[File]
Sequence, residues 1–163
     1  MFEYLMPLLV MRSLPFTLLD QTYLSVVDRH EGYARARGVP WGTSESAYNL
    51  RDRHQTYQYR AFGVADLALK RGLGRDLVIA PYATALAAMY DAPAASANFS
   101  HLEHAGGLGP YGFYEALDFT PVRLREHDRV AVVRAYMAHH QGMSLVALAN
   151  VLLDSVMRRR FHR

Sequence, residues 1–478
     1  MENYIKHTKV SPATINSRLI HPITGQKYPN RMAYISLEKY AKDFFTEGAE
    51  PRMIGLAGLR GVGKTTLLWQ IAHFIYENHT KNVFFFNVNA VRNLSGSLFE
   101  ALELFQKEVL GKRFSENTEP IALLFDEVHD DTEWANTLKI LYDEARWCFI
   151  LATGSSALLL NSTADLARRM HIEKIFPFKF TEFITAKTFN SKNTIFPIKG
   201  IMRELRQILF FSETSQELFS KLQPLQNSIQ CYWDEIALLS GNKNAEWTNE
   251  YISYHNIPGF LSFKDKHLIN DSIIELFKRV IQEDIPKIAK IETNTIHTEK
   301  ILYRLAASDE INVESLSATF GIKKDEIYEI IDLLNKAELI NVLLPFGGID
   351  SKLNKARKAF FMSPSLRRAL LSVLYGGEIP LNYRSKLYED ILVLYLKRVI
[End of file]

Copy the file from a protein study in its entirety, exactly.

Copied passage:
Sequence, residues 1–163
     1  MFEYLMPLLV MRSLPFTLLD QTYLSVVDRH EGYARARGVP WGTSESAYNL
    51  RDRHQTYQYR AFGVADLALK RGLGRDLVIA PYATALAAMY DAPAASANFS
   101  HLEHAGGLGP YGFYEALDFT PVRLREHDRV AVVRAYMAHH QGMSLVALAN
   151  VLLDSVMRRR FHR

Sequence, residues 1–478
     1  MENYIKHTKV SPATINSRLI HPITGQKYPN RMAYISLEKY AKDFFTEGAE
    51  PRMIGLAGLR GVGKTTLLWQ IAHFIYENHT KNVFFFNVNA VRNLSGSLFE
   101  ALELFQKEVL GKRFSENTEP IALLFDEVHD DTEWANTLKI LYDEARWCFI
   151  LATGSSALLL NSTADLARRM HIEKIFPFKF TEFITAKTFN SKNTIFPIKG
   201  IMRELRQILF FSETSQELFS KLQPLQNSIQ CYWDEIALLS GNKNAEWTNE
   251  YISYHNIPGF LSFKDKHLIN DSIIELFKRV IQEDIPKIAK IETNTIHTEK
   301  ILYRLAASDE INVESLSATF GIKKDEIYEI IDLLNKAELI NVLLPFGGID
   351  SKLNKARKAF FMSPSLRRAL LSVLYGGEIP LNYRSKLYED ILVLYLKRVI